Back to Index

President Herbert Hoover

     One surprising thing is that there are two institutions at either end of the country, the Hoover Institution at Stanford, a Republican stronghold, and the John F. Kennedy Library at Harvard, a Democratic stronghold. Also surprising is that, after the splendid presentations in honor of President Hoover at the Herbert Hoover Memorial Library in West Branch, Iowa, an even more impressive meeting was held, not at the Hoover Institution, but at the Kennedy Library. There was an allusion to Stanford, but it was to the Medical School: Hoover thanked Joseph Kennedy for his donation to "my alma mater, Stanford."
     The Harvard meeting, presided over by Sheldon Stern, featured as speakers four of the six directors of the West Branch library, notably the latest: Richard Norton Smith and Timothy Walch, an extraordinary host of historians. David Quigley of Boston College also spoke. All were excellent; they stressed the fact that Hoover was not the black reactionary of American folklore, but an extraordinarily kind and humane person.
     My wife is a graduate of the University of Iowa, in Iowa City, near West Branch. and with the development of the Memorial Library, it should become a center for studies of the Hoover period. In an earlier posting, I described the anti-Middle West propaganda which Easterners fed us in England. An author who gave prestige to this propaganda was Nobel laureate Sinclair Lewis, whom I read as a boy. There was an oblique reference to him in the Harvard meeting. He also taught me to scorn the Rotarians, but I later came to realize that such service clubs are an admirable manifestation of the public spiritedness exemplified by Hoover. It is regrettable that they no longer enjoy their old prestige in the me society, less interested in public service.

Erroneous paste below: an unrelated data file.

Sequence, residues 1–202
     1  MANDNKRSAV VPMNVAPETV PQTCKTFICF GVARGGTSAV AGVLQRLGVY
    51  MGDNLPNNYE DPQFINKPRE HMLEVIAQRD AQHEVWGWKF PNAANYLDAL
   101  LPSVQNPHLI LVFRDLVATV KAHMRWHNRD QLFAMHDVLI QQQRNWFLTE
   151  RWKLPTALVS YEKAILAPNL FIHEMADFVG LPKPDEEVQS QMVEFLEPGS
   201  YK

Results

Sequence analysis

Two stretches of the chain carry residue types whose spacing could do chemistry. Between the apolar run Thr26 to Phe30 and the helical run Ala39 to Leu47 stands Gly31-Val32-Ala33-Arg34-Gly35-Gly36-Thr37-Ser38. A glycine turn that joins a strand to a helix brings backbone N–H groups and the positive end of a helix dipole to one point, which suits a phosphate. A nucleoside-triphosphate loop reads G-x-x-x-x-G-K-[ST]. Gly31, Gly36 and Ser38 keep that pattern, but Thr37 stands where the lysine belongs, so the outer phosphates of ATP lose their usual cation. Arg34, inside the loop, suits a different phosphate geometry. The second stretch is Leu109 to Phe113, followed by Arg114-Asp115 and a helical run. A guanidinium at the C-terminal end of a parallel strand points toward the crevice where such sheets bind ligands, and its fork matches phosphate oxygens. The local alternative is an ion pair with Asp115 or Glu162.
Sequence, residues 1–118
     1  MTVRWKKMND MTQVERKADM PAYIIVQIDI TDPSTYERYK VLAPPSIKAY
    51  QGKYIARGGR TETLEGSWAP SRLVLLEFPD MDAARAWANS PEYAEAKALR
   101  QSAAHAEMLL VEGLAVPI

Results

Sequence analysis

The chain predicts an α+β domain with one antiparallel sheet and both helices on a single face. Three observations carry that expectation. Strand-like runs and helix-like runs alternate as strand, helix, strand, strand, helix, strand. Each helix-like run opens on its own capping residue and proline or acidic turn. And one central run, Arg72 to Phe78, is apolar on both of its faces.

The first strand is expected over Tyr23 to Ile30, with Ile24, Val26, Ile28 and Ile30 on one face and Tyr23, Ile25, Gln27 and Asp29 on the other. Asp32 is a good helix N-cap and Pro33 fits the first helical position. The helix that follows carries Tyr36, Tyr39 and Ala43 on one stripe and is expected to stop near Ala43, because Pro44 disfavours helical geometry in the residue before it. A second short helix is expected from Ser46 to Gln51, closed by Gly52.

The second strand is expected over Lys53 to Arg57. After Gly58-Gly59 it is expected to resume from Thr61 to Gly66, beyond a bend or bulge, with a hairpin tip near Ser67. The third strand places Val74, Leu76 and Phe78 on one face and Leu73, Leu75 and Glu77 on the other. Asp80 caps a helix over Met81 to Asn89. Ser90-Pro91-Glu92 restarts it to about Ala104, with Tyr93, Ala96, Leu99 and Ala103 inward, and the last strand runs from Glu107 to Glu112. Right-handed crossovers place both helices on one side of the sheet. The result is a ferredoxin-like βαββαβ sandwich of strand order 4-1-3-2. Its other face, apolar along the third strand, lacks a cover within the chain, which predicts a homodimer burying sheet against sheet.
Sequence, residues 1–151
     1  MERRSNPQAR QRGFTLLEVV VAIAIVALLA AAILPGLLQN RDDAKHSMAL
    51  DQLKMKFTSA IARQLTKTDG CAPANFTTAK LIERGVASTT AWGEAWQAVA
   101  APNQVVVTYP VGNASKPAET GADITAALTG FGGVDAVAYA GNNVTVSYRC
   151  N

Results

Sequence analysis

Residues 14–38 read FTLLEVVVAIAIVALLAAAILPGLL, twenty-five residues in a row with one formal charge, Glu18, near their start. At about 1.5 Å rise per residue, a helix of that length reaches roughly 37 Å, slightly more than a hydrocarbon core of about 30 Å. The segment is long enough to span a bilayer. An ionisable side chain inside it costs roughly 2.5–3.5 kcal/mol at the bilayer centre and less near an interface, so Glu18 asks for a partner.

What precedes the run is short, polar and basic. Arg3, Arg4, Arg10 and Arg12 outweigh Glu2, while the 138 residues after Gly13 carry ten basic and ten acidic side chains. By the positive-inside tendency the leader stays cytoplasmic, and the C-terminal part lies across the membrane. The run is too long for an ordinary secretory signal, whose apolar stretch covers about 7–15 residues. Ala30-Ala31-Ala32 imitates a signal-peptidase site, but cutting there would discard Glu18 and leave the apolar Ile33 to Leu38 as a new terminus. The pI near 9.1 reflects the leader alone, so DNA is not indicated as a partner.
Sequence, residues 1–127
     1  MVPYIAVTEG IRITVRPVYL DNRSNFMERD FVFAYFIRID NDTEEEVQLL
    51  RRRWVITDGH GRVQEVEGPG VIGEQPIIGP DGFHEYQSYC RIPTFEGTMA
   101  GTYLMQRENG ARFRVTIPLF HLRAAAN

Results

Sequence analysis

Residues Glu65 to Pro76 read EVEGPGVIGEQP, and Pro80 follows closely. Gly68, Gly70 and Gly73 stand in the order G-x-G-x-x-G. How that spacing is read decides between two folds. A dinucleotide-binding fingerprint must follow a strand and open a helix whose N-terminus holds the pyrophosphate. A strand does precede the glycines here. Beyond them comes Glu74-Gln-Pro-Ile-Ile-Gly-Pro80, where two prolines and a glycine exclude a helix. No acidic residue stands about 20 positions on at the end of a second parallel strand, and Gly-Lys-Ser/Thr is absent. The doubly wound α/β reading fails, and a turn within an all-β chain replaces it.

The Bay Area, especially San Francisco and Berkeley, is the home of the crazy left (not to be confused with the sane left). The Haight-Ashbury district and the Beat Generation are manifestations of degeneracy, and the same may be said of a campus which makes a hero of Mario Savio. This spirit has infected Stanford. It is an embarrassment that Green Library spent a large sum to acquire Ginsburg trivia. It is an irony of history that this malignant culture should have grown up around Herbert Hoover. No wonder he left in disgust and went home to the Midwest. It was in reaction to this that the Hoover Institution developed into an ultra-conservative center. I was left with the impression that the producers of the admirable programs I have described avoided the Hoover Institution out of concern that viewers would immediately dismiss them as propaganda. Let me repeat that these observations are not a criticism of intelligent and honest left, or, as the silly Americanism now puts it, "liberals."
     One of the many books I would like to write but will not is one on Defeat, describing how throughout history noble men like Woodrow Wilson (about whom Hoover wrote a book) and Herbert Hoover struggled for an ideal and were beaten. I knew Herbert Hoover in his last years, and I have never seen a man so spiritually defeated.
     When the dying Hamlet said "The rest is silence," Horatio commented "Now cracks a noble heart. Good night, sweet prince, and flights of angels sing the to thy rest!"

Ronald Hilton - 10/10/99